We already served you a nice dish of images of the big NATO & partners exercise Cold Response earlier, but the military photographers and the Norwegian military audiovisual unit have given us some more nice stuff! Press play and see more of the aircraft and helicopters that supported the 15,000 troops strong exercise in Northern and Central Norway, with even the Norwegian crown prince Haakon deployed, earning his tactical special operations parajump certification with the Norwegian Special Operations Command.
From 21 February to 4 March, Portugal was the stage of Real Thaw, the annual exercise that provides special training to NATO units most likely to participate in military operations within international cooperative frame works. And if Portugal was the stage, Beja airbase was the dressing room. Fighter aircraft, transporters and helos all played their part.
Other than delivering jet noise over large parts of Portugal, the main goal of Real Thaw 2016 was to provide tough tactical training with participation of air, land and sea forces and focusing on the execution phase. Participating forces were confronted with an operating environment as realistic as possible and typical of current operations, according to the Portuguese Air Force, organizer of Real Thaw.
The Portuguese sent all their assets to join Real Thaw, including F-16s, Alfa Jets, C-130 Hercules plus P-3 and C295 maritime patrol aircraft. Forces from other countries were invited to participate in Real Thaw 2016 in order to create a joint-operational environment.
Participation also came from the US (F-15, MV-22 and C-130), Norway (F-16), the Netherlands (C-130), Belgium (C-130), Denmark (AS550 support helicopters), Spain (C-212 light transport aircraft) and the UK. Also, a NATO E-3A Awacs was involved.
Day and night
Missions took place at both day and night times environments and included the use of para jumpers, forward air controllers and other ground forces. The coordination of Real Thaw 2016 was run from Beja Air Base in central Portugal. In order to give support to air and ground missions that took place further north in the areas of Guarda and Pinhel, a tactical air base was temporarily set up near the town of Seia.
Real Thaw 2016 was the eighth exercise in a series conducted by the Portuguese Air Force since 2009.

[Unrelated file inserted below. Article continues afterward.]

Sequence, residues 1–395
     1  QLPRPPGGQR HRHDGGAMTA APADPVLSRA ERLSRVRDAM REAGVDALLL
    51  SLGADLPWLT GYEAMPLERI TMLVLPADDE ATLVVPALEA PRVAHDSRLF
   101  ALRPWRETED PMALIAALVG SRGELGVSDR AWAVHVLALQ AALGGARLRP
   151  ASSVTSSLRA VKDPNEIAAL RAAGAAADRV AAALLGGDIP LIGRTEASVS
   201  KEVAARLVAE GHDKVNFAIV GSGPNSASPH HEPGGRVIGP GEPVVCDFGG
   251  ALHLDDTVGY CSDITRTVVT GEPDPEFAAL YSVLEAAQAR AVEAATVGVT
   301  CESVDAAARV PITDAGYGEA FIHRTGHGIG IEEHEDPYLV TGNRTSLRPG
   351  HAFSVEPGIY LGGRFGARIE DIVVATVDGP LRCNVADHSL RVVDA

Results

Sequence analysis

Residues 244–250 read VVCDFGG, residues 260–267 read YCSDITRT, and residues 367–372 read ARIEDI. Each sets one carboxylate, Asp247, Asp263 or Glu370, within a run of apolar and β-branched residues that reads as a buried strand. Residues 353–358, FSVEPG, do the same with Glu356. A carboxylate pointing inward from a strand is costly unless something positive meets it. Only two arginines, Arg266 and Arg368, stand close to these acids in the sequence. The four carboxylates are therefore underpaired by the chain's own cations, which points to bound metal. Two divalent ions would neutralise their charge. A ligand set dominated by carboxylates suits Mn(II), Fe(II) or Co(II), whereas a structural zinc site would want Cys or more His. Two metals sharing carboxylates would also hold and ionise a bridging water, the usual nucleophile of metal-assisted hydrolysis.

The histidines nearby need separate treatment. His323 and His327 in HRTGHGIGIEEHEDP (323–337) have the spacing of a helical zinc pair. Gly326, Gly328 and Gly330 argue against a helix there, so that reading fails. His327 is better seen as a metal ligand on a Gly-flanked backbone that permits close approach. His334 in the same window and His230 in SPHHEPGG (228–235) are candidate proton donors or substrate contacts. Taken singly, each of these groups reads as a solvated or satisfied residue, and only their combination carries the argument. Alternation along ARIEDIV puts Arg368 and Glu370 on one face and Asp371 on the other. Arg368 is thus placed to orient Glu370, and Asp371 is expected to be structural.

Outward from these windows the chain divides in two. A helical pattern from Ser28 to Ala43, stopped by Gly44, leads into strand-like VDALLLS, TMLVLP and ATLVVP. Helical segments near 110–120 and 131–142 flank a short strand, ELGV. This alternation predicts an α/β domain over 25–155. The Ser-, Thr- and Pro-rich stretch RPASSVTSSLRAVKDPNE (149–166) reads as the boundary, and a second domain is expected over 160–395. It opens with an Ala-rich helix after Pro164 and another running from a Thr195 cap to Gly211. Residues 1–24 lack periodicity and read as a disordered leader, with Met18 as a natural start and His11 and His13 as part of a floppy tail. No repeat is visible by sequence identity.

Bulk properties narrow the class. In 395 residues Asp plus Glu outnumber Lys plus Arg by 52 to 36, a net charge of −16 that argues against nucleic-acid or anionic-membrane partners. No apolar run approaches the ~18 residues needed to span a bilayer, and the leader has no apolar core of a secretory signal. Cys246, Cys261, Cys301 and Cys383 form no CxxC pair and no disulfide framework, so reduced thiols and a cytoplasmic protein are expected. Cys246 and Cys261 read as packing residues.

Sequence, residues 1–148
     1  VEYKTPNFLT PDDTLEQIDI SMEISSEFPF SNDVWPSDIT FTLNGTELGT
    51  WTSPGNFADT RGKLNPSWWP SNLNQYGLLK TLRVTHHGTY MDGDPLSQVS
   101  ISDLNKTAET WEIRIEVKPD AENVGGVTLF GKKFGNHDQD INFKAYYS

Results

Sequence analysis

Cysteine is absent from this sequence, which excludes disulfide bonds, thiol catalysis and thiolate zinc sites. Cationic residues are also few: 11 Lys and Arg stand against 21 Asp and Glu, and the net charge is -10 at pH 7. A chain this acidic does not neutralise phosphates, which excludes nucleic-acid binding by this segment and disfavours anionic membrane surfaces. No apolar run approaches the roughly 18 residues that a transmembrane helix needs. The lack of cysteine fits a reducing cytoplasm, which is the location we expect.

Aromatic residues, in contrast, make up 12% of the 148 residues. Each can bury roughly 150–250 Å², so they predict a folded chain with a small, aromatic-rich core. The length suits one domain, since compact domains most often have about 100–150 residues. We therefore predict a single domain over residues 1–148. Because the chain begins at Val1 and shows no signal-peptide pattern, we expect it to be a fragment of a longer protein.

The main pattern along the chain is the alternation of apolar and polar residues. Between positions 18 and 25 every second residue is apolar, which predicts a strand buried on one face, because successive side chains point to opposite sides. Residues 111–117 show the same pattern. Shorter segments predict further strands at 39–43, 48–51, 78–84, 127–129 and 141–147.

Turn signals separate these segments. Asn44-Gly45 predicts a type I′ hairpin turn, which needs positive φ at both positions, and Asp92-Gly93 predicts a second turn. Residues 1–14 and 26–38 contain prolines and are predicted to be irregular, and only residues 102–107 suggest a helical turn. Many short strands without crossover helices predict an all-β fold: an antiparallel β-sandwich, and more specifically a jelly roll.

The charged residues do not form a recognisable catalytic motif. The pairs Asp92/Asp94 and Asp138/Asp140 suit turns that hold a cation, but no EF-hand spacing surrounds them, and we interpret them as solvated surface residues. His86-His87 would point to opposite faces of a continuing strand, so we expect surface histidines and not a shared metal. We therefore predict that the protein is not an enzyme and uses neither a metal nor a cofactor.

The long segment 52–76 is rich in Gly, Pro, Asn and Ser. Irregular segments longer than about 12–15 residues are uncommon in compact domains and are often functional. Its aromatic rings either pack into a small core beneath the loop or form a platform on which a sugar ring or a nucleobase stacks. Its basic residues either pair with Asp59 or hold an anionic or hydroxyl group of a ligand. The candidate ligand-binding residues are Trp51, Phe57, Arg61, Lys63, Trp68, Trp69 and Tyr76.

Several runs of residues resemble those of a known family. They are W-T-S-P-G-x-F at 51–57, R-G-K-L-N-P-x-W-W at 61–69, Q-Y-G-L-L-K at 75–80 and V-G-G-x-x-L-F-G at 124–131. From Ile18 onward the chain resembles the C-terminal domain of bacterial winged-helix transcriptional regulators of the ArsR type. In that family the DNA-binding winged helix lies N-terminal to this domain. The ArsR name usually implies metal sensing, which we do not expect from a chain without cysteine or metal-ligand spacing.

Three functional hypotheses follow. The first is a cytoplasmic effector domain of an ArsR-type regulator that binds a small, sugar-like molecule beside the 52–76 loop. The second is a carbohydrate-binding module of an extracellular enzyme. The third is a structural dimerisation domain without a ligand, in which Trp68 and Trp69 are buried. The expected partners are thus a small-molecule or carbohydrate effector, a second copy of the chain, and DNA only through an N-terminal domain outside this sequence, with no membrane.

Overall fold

The Lockheed Martin C-130 Hercules has reached a new milestone. On 11 December 2015 the 2,500th aircraft of the type was delivered: a HC-130J Combat King II to the US Air Force’s 71st Rescue Squadron at Moody Air Force Base in Georgia.
With reaching the number the US aircraft manufacturer illustrates once again the important role of the most popular military transport aircraft of modern times. The C-130 easily beats the Antonov AN-26 (1,400 produced), the AN-24 (1,300 – 1,400) and the AN-12 (1,200+ produced), of which only the AN-12 is somewhat similar as a four-engine turboprop tactical airlifter. The Hercules has been flying into many battles, providing troops with necessary provisions and ammunition. But it also brought thousands of tons of food and medical supplies to people in need and rescuing many from disaster zones.
Today at least 68 countries operate the C-130 in its military role, logging more than 22 million flight hours, according to statistics from Lockheed Martin. There are even a few civilian operators like Lynden Air Cargo from the United States and Safair from South Africa. Sixteen nations choose to newest model, the C-130J Super Hercules, for their nation’s air arms. More than 100 different variants of the C-130 have been made.
C-130 First Flight
The characteristic sound of the Herc’s four Allison T56 engines have been with us ever since 23 August 1954, when prototype YC-130 took off from the Lockheed plant in Burbank, California, to land at Edwards Air Force Base roughly an hour later. Since then the C-130 has been developed into not only a tactical airlifter, but flying weather stations, air tanker, airborne gunship, reconnaissance aircraft and (combat) rescue machine.
Adore the Hercules
Let’s give a big applause to the men and women who designed, made, fly, service or just adore the Lockheed Martin C-130 Hercules … wherever they are with some historic Hercules images (below).
If the weather will allow it the Uruguayan Air Force Lockheed C-130 Hercules dispatched to Antarctica will arrive home on Tuesday 8 December 2015.
The aircraft (FAU 592) left Air Brigade I (Carrasco) on 1 December, the Fuerza Aérea Uruguaya writes in a statement, with the personnel that will operate the Latin American country’s South Pole base in 2016. Dubbed Antarctic Scientific Antarkos XXXII the Hercules the technicians and other personnel will first focus on executing essential repairs to the base, mainly the generators and telecom systems, after the past winter period.
King George Island
Uruguay runs its Artigas Base at King George Island, 75 miles (120 km) from the main coast of Antarctica and home to research stations of many countries. The Uruguayan station is a 5 mile (10km) drive from a nearby 4,230 feet short airstrip which also serves other stations.
In August, the first air-to-air refueling fights between Spanish Air Force Eurofighters and United States Marine Corps (USMC) KC-130J Hercules aircraft took place in Spain.
The Eurofighters were from Esc 111 (squadron), part of Ala 11 (11th Wing) based at Morón Air Base in Southern Spain. The ops with the tanker were part getting to the squadron’s evaluation of the operational capabilities in October. The USMC Hercules tankers are already at Morón as part of the Special-Purpose Marine Air-Ground Task Force Crisis Response-Africa.
The Spanish Air Force is planning more tanker meetings with other units and aircraft, to increase the interoperability of its and allied armies.